Sortition in the U.S. constitution

In a paper in The Yale Law Journal, Bernadette Meyler, professor of law at Stanford, makes the case for having sortition as part of the American democratic (sic) system. In the abstract she writes that she aims at

highlighting the ways in which the Constitution celebrates aspects of democracy that do not fit neatly within the model of majoritarian elections. Focusing in particular on the jury system, the protections for petition and assembly, and the references to the general welfare, this Response opens space for nonelectoral democratic defenses of the administrative state, including agonism.

In the article itself Meyler writes:

While democracy today is often seen as synonymous with majoritarian elections, that was not always the case. Another form of democracy, practiced in ancient Athens and elsewhere, entailed selecting officials by lot, or sortition.32 Although the U.S. Constitution never explicitly mentions this procedure, it was not foreign to the Founders, who arguably incorporated it into our constitutional scheme through the jury. Sortition represents a significant democratic alternative to the mechanism of election, and systems that rely on sortition tend to emphasize different aspects of democracy than those implementing majoritarianism.

[S]election by lot could permit an equal distribution of the “probability of achieving power” and “could promote equality in the distribution of offices.”

Meyler wonders why the U.S. revolutionaries did not consider introducing sortition into the system they were designing, and with Bernard Manin suggests that this has to do with their reliance on the idea of consent. (See here for why this idea is not convincing.)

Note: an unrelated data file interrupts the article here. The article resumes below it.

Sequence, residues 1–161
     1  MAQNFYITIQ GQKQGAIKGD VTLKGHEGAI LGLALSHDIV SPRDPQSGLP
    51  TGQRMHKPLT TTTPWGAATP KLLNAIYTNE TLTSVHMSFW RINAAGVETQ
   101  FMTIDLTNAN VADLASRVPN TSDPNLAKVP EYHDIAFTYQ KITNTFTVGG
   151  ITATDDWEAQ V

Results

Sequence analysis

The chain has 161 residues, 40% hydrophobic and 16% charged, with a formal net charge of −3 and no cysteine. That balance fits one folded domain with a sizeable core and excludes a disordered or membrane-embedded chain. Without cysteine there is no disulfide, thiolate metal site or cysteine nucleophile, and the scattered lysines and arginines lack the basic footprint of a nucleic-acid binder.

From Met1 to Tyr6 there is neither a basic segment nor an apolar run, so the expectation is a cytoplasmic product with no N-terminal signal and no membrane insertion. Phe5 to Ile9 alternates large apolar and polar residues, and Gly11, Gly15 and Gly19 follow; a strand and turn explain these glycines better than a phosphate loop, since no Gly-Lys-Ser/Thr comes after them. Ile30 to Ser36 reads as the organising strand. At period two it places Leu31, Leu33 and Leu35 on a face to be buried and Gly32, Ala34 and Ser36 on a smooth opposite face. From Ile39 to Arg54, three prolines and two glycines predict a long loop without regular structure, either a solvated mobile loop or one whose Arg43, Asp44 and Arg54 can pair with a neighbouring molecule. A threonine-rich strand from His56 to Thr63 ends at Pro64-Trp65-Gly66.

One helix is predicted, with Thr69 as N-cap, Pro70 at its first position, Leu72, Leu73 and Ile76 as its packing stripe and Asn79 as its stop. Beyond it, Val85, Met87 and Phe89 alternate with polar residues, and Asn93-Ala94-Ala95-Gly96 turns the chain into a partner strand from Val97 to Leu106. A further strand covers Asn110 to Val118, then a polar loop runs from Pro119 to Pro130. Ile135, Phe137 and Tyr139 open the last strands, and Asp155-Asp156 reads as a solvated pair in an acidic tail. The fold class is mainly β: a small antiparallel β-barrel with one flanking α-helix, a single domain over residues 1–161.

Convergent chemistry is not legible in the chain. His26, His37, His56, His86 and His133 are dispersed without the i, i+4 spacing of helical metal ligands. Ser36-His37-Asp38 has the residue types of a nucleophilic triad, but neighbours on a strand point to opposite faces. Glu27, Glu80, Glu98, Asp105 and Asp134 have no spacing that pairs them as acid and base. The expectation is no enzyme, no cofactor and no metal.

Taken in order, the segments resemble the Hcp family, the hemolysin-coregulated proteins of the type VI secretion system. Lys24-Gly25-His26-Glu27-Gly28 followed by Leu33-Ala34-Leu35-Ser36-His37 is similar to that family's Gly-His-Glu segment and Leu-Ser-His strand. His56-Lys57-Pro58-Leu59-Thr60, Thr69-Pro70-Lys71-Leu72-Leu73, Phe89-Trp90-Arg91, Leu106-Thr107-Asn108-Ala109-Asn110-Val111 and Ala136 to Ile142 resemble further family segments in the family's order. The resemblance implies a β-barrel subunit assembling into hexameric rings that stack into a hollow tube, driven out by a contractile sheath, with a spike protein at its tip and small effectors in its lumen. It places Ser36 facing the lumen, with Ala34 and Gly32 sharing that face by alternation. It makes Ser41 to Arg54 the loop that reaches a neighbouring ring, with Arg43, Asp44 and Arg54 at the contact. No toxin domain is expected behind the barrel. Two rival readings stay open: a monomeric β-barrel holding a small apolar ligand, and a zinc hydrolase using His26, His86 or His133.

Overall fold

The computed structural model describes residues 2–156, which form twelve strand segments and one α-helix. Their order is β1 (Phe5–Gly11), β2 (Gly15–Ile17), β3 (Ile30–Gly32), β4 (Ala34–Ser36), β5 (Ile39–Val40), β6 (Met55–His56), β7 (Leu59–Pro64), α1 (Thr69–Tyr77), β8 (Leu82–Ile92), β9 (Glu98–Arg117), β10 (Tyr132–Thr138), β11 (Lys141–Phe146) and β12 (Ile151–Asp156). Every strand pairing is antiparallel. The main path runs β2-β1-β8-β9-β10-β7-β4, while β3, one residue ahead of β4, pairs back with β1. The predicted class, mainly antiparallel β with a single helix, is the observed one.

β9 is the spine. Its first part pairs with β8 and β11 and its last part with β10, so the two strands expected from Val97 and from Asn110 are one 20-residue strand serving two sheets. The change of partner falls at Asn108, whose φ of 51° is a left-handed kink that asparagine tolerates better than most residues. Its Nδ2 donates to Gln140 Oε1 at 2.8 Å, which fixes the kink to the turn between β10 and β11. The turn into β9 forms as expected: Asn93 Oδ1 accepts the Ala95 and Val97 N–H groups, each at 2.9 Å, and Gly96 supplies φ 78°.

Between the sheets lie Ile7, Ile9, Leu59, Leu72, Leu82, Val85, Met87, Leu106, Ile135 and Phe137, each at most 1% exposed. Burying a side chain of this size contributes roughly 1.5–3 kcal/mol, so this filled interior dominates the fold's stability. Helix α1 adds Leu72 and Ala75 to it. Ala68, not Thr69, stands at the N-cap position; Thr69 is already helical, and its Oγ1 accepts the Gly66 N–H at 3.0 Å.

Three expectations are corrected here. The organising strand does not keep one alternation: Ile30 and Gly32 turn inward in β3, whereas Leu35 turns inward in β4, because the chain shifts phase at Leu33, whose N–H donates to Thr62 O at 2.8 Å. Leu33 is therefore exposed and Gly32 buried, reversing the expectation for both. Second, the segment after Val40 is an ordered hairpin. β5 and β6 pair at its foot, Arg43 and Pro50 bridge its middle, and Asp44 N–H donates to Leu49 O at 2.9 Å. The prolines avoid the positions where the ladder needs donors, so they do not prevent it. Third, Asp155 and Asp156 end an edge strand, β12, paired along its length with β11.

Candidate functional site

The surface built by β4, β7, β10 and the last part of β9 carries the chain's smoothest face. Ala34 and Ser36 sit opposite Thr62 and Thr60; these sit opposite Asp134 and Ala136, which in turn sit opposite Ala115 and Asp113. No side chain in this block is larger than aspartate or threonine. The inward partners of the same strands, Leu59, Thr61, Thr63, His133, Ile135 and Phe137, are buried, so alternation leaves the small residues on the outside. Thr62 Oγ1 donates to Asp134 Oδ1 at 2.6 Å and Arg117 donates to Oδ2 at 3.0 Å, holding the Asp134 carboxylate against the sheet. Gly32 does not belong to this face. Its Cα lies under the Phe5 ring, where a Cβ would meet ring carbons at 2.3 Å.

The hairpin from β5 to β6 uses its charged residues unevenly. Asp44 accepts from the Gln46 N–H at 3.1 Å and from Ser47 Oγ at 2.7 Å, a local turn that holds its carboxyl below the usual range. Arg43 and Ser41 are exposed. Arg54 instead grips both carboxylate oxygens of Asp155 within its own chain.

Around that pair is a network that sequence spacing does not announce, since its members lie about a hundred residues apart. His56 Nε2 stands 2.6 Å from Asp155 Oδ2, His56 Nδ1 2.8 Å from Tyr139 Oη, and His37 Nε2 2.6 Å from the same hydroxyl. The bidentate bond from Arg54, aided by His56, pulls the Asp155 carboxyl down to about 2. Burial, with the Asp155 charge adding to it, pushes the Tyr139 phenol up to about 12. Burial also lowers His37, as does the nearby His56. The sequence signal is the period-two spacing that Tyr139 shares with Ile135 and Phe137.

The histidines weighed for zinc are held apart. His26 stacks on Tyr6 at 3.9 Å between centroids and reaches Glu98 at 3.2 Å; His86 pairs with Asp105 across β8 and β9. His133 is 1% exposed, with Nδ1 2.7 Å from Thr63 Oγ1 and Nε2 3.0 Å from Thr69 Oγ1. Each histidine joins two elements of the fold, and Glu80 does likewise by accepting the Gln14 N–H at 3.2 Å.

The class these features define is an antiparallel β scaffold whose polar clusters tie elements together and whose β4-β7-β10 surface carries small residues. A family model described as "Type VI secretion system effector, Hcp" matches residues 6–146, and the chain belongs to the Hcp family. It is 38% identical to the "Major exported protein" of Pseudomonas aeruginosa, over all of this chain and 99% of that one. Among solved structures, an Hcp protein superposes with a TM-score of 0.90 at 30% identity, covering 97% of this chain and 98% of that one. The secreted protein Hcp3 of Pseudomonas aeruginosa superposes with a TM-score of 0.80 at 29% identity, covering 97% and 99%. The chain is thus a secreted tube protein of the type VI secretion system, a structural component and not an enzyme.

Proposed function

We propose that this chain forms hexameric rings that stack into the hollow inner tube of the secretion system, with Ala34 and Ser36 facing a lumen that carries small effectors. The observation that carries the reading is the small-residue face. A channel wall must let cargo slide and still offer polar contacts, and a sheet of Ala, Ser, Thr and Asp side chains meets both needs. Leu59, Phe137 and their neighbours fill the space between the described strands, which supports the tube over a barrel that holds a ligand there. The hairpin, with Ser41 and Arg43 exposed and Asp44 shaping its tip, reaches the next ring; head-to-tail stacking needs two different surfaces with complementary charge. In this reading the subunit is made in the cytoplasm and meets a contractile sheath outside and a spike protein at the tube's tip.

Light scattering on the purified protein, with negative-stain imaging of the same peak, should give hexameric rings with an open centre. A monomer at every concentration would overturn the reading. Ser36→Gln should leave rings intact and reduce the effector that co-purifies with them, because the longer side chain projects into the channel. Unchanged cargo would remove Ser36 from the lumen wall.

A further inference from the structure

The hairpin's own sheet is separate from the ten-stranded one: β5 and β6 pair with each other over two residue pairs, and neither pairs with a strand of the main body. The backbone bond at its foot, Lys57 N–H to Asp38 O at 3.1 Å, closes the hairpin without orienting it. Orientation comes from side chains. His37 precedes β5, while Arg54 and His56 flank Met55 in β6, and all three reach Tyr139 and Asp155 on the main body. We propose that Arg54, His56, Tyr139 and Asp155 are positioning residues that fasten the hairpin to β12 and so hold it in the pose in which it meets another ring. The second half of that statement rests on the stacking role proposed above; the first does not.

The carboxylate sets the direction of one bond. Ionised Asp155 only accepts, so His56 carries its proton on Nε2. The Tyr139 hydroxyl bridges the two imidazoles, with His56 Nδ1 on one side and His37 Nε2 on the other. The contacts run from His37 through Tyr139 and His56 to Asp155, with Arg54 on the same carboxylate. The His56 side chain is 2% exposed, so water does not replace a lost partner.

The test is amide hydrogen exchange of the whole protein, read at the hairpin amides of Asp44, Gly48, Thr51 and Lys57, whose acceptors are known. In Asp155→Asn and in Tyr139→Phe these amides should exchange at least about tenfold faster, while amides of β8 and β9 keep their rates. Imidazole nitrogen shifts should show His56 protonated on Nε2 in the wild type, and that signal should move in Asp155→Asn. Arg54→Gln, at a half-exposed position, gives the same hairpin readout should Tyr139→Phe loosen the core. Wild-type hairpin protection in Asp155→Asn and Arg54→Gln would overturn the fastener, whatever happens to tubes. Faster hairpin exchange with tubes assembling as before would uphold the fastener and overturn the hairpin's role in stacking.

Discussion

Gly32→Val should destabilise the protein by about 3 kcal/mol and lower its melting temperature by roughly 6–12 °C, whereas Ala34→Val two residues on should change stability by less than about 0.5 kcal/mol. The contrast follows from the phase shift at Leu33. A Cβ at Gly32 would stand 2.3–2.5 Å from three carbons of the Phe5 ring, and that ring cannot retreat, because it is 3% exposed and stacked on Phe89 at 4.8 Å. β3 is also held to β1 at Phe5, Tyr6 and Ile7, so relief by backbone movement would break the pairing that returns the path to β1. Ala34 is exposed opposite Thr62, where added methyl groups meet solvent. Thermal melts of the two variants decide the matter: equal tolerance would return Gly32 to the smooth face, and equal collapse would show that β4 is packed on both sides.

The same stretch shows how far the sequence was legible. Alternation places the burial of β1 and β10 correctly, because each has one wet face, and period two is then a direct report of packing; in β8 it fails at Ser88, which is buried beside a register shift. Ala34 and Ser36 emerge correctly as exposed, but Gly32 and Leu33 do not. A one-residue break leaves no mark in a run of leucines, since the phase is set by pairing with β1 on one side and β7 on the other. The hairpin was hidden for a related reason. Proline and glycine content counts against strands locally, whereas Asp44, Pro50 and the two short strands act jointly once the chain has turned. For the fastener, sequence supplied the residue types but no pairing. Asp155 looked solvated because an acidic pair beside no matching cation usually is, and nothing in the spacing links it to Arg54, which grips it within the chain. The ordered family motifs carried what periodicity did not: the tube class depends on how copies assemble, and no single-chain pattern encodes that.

In any case, despite the lack of explicit deliberation about the selection of governmental officials by lot in the drafting and ratification of the Constitution, the document does enshrine one mechanism for the allocation of political actors at least partly by chance: the jury system. Article III as well as the Fifth, Sixth, and Seventh Amendments constitutionalize the grand and petit juries. At the time of the Founding, some states—including New Hampshire, South Carolina, Georgia, Massachusetts, and Connecticut—did, in fact, draw jurors by lot from “a panel previously selected by ‘some impartial means.’” Furthermore, jury selection prompted deliberation about democratic practices. Thomas Jefferson, in particular, wrote several letters on the selection of juries by lot or by election; he even drafted a legislative proposal that combined the two methods. Several decades ago, in a student note, Akhil Reed Amar advocated choosing legislators by lottery and drew an analogy to the jury system. There, he suggested that the general historical practice had been to allow “local selectmen . . . to handpick jurors of exemplary moderation and wisdom,” and he located relatively recent twentieth-century roots for the selection of jurors by lot. Subsequent scholarship, however, has demonstrated that this historical account is inaccurate; the roots of jury selection by lot are even deeper. These recent findings, even as they undercut Amar’s historical analysis, only bolster his normative argument for increasing the use of sortition in a manner consistent with our constitutional scheme. Many have observed that the jury was designed not solely for the benefit of the criminal defendant or civil processes but also to ensure broad democratic participation. Since juries were constituted partly by chance from among the members of the polity at least in certain jurisdictions, their incorporation into the U.S. Constitution brought with it another, nonelectoral model of democracy.

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